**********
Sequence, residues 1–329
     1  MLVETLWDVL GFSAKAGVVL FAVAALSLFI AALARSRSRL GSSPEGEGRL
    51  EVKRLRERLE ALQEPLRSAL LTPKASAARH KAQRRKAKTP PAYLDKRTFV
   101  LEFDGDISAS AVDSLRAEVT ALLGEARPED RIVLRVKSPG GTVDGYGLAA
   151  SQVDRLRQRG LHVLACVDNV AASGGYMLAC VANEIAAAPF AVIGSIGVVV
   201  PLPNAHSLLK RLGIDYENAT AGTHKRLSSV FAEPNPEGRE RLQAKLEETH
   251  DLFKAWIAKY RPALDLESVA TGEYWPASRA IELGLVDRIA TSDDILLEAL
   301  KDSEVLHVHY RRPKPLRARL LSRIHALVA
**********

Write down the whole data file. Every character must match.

Sequence, residues 1–329
     1  MLVETLWDVL GFSAKAGVVL FAVAALSLFI AALARSRSRL GSSPEGEGRL
    51  EVKRLRERLE ALQEPLRSAL LTPKASAARH KAQRRKAKTP PAYLDKRTFV
   101  LEFDGDISAS AVDSLRAEVT ALLGEARPED RIVLRVKSPG GTVDGYGLAA
   151  SQVDRLRQRG LHVLACVDNV AASGGYMLAC VANEIAAAPF AVIGSIGVVV
   201  PLPNAHSLLK RLGIDYENAT AGTHKRLSSV FAEPNPEGRE RLQAKLEETH
   251  DLFKAWIAKY RPALDLESVA TGEYWPASRA IELGLVDRIA TSDDILLEAL
   301  KDSEVLHVHY RRPKPLRARL LSRIHALVA